THE US-backed and financed Egyptian army has given a 48-hour ultimatum to the US-backed and financed Muslim Brotherhood government (which supports the imperialist powers in Syria and has maintained the peace treaty with Israel) to take political action to resolve the crisis in Egypt – or else it will intervene.
It has given due notice of a military coup, and the restoration of a Mubarak mark two type military regime.
What has blown these two pillars of imperialist domination of Egypt apart is the massive movement of tens of millions of workers, youth and the middle class, with the trade unions taking a decisive leadership role, that has taken to the streets.
This has secured almost immediately the resignation of at least five members of the Mursi government, and has seen the headquarters of the Muslim Brotherhood in cities all over Egypt sacked or burnt down.
This mass movement of many millions not only refuses to allow the Muslim Brotherhood to thrust Islamic handcuffs and blindfolds onto society, pushing it back centuries, it is demanding the right to strike, wage rises that keep pace with inflation, and jobs and homes for the millions of Egyptian workers, the youth and the rural poor who have neither.
Millions of Egyptians are also demanding the end of the peace treaty with Israel, and the ending of the Egyptian government’s shameful urging of young people to go to Syria to help the US and UK overthrow Assad for the benefit of imperialism and Israel, so that they can redraw the map of the Middle East for their own benefit.
The Egyptian revolution is therefore both a political and a social revolution.
It demands not only a change of regime and the political defeat of the Muslim Brotherhood, it also demands a social revolution. This will see a workers and small farmers government take over, that will democratise society, redistribute the land to the rural poor, and expropriate the capitalists, to bring in workers management and control of industry and the economy.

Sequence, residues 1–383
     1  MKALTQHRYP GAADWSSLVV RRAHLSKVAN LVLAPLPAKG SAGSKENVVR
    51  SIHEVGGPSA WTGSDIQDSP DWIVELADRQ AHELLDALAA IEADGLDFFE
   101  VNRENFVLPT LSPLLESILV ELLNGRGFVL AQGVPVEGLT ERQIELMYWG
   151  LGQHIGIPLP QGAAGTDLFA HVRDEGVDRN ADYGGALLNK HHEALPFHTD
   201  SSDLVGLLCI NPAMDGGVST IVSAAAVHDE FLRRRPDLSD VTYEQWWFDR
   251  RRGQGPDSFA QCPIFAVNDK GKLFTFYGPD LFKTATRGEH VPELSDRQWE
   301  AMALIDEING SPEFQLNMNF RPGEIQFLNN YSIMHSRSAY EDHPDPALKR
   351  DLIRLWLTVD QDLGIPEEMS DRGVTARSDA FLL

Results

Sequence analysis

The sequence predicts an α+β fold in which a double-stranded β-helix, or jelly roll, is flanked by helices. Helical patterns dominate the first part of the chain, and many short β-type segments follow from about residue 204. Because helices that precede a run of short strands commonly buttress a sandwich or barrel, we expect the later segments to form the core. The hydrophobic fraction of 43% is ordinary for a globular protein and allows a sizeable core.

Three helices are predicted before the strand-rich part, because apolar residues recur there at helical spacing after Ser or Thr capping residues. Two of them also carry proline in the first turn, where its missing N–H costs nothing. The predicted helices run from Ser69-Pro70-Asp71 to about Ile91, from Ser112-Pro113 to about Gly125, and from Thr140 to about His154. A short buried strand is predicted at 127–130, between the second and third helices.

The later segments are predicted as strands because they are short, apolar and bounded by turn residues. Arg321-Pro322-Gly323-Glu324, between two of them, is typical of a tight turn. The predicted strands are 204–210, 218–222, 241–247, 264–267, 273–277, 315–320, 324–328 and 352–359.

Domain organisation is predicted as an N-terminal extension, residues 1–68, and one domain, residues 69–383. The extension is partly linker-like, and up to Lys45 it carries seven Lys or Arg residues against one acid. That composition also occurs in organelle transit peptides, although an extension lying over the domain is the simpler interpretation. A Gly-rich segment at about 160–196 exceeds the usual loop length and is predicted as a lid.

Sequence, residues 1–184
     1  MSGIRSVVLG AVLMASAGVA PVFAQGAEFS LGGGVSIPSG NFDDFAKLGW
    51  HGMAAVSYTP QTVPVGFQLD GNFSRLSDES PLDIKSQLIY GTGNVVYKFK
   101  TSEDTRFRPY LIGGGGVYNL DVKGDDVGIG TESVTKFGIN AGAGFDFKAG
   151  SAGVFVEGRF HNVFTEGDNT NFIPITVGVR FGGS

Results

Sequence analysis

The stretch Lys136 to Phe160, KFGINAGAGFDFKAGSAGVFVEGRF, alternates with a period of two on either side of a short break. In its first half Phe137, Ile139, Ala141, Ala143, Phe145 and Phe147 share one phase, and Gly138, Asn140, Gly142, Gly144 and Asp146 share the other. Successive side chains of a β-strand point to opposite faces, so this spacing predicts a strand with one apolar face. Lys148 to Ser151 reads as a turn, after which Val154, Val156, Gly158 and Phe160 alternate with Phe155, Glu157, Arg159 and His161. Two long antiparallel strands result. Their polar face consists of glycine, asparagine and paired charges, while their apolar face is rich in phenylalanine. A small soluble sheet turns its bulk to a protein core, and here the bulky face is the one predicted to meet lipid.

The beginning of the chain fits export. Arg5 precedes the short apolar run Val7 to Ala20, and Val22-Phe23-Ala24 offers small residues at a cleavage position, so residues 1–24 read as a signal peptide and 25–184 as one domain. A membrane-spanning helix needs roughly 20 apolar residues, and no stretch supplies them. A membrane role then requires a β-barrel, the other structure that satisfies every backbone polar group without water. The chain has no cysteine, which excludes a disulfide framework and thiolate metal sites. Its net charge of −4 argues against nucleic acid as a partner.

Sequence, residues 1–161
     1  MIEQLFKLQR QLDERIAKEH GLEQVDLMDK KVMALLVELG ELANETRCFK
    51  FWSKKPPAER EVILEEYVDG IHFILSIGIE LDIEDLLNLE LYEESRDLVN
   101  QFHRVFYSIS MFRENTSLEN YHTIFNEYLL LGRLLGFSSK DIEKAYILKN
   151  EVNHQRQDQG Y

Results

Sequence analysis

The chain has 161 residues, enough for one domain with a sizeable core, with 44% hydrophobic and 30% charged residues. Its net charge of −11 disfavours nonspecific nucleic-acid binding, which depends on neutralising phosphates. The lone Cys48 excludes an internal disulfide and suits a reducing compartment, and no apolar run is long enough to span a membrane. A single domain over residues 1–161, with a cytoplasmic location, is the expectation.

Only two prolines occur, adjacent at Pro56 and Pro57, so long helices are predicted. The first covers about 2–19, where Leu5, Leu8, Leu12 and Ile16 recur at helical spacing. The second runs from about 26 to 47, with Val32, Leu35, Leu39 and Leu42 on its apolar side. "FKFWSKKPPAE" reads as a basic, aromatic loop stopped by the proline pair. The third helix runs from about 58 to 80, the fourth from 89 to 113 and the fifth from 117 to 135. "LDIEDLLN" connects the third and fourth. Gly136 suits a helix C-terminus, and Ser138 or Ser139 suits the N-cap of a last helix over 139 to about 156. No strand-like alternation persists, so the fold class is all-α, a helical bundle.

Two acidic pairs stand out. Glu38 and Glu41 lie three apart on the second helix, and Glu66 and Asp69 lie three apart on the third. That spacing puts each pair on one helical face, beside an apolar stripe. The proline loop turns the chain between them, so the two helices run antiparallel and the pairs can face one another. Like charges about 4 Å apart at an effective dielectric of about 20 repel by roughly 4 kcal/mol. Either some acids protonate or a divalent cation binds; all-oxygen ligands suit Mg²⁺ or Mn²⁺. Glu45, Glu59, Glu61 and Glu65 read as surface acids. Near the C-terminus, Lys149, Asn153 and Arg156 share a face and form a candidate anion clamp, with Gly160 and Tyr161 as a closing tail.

Such a revolution, led by the most powerful working class in the Arab world, will have powerful national and international consequences.
The US will back the Egyptian army and urge Mursi to come to a deal with it, to bring a few opposition politicians into the regime to try and split the mass revolutionary movement.
The masses of the working class and the youth will not accept this.
They will press forward to bring down the Mursi regime and fight to bring in a workers, youth, and small farmers government that will carry out both a democratic and social revolution at home and will have the most powerful international consequences.
Internationally, such a development would drive the Arab masses forward in all countries, see the ending of the peace treaty with Israel and give mass support to the Syrian people against the US and UK imperialists. It will create the basis for the establishment of the independent Palestinian state and drive imperialism and Zionism out of the Middle East.
Such is the vital role of Egypt and the power of the Egyptian working class, the US will be working overtime to bring the Army together with the Mursi regime to bring some oppositionists into the government, to try to keep the masses at bay.
The working class, now enjoying massive support, will however continue to advance forward.
The movement that began in Tunis and has swept throughout the world, alongside the revolutionary developments in Europe, has shaken imperialism to its core.
It is this permanent revolution, driven forward by the capitalist crisis, that is creating the conditions for both a democratic and socialist revolution in Egypt and throughout the Middle East.